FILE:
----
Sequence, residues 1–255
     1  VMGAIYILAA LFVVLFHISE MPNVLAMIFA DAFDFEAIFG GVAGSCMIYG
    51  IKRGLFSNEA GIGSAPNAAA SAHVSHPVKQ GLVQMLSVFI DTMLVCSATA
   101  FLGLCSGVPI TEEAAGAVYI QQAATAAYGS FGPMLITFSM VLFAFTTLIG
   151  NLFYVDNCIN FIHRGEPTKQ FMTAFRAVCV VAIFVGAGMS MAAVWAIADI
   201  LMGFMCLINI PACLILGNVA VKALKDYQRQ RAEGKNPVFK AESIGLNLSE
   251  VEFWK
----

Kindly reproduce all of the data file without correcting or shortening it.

Sequence, residues 1–255
     1  VMGAIYILAA LFVVLFHISE MPNVLAMIFA DAFDFEAIFG GVAGSCMIYG
    51  IKRGLFSNEA GIGSAPNAAA SAHVSHPVKQ GLVQMLSVFI DTMLVCSATA
   101  FLGLCSGVPI TEEAAGAVYI QQAATAAYGS FGPMLITFSM VLFAFTTLIG
   151  NLFYVDNCIN FIHRGEPTKQ FMTAFRAVCV VAIFVGAGMS MAAVWAIADI
   201  LMGFMCLINI PACLILGNVA VKALKDYQRQ RAEGKNPVFK AESIGLNLSE
   251  VEFWK